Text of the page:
The BC Forest Discovery Centre is conducting a review of its operations in response to concerns that the Forests Forever exhibit — funded by forest companies — offers a one-sided view of forestry in the province.
California’s Yurok Tribe earns millions through carbon credits
North Cowichan’s standing forests have economic value
Indigenous peoples from around the world — Panama, Brazil, Indonesia — are making their way to the forests of the lower Klamath River Valley in northern California.
They seek knowledge on these forests — not how to profit from them through clearcutting, but how to obtain carbon-credit cash for leaving them standing.
Javier Kinney, carbon manager for the Yurok Tribe, believes that carbon credits align with traditional Indigenous values regarding good stewardship of the land and natural resources.
“It’s an exciting time,” he told sixmountains.ca. “Old is new again.”
The Yurok comprise California’s largest tribe at 6,300 members.
That’s not much more than Cowichan Tribes, which is involved in talks with North Cowichan and other local First Nations on the future of the 5,000-hectare Municipal Forest Reserve, also known as the Six Mountains.
A parallel public consultation process on the forest reserve has been suspended while talks with these First Nations continue in private.
Let’s hope that carbon credits are part of the discussions. After all, forestry experts from the University of BC have told the municipality that it stands to earn as much or more from carbon credits by leaving its forests intact than by logging.
The Yurok Tribe keeps its profit numbers to itself, but allows that it earns "millions" of dollars per year though carbon credits, money that is pumped into a variety of initiatives, including job-creating forest and watershed restoration.
The standing forests are also available for Indigenous cultural activities, including basket weaving, canoe building and the harvest of traditional medicines and food.
The Yurok’s carbon program flows from California state’s Bill 32: Global Warming Solutions Act, a so-called cap-and-trade initiative aimed at combating climate change by reducing greenhouse gas emissions.
The Tribe obtains credits based on the amount of carbon stored in its standing forests. Companies supportive of the Yurok Tribe’s goals and beliefs purchase these credits to offset their own carbon footprint.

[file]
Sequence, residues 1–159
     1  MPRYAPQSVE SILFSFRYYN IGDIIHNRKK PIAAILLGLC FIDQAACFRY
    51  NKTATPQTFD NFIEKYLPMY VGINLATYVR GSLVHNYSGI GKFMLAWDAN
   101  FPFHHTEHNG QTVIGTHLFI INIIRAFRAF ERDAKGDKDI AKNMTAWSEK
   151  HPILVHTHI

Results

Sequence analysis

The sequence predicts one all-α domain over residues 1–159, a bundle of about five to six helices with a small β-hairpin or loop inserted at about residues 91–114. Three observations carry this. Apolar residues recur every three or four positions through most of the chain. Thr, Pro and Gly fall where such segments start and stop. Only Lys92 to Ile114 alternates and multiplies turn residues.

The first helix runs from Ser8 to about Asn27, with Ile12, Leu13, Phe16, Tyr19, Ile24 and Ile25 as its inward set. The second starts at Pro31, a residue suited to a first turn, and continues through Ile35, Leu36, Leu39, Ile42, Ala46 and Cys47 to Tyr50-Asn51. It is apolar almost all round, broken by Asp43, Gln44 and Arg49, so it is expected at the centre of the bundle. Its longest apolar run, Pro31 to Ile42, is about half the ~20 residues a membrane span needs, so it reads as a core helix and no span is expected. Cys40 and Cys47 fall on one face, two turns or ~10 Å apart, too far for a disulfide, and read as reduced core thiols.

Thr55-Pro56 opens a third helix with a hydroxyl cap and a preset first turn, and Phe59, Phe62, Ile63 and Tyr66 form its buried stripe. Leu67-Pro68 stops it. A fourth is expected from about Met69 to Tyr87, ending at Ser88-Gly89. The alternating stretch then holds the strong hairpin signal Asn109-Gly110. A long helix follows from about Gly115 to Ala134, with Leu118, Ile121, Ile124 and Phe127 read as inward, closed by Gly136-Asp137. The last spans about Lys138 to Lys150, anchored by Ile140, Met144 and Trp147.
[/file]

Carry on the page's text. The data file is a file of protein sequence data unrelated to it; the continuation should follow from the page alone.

With government and foundation financial help, the Tribe purchased about 9,000 hectares of forestland near their reservation in 2011. The purchase of another 20,000 hectares of forestland followed in 2019.
Other Yurok economic initiatives — either current or forthcoming— include organic farming, craft brewery, construction, Redwood Hotel Casino, tourism such as jet-boat and canoe tours, RV and camp sites, and, yes, some timber harvesting, but not on a large industrial scale, Kinney says.
“Clearcutting has been one of the adverse actions that has impacted our lands,” he says. “What you’re seeing the Yurok Tribe doing is more sustainable and regenerative timber practices. What are we leaving our children and grandchildren for health, wellness and economic security for generations to come?”
The Tribe also hopes to reintroduce the endangered California condor to their lands.
If any First Nations from the Cowichan Valley are interested in visiting, the Yurok Tribe is only too eager to show off its carbon program and other initiatives.
“To share our experience is one of the critical components of why the Yurok Tribe does what we do,” Kinney says.
North Cowichan has posted information on carbon credits: https://bit.ly/2NIdbZl. So has the forestry watchdog group, Where Do We Stand: https://bit.ly/3uz5AwM.
Read more about the Yurok’s carbon project:
— The New Yorker Magazine: https://bit.ly/3bLuvET
— Los Angeles Times: https://lat.ms/3kskUXn
— Nature Conservancy: https://bit.ly/37PuaQl
— Native Business Magazine: https://bit.ly/3razQMc
Also visit the National Indian Carbon Coalition: https://www.indiancarbon.org/
— Larry Pynn, Feb. 26, 2021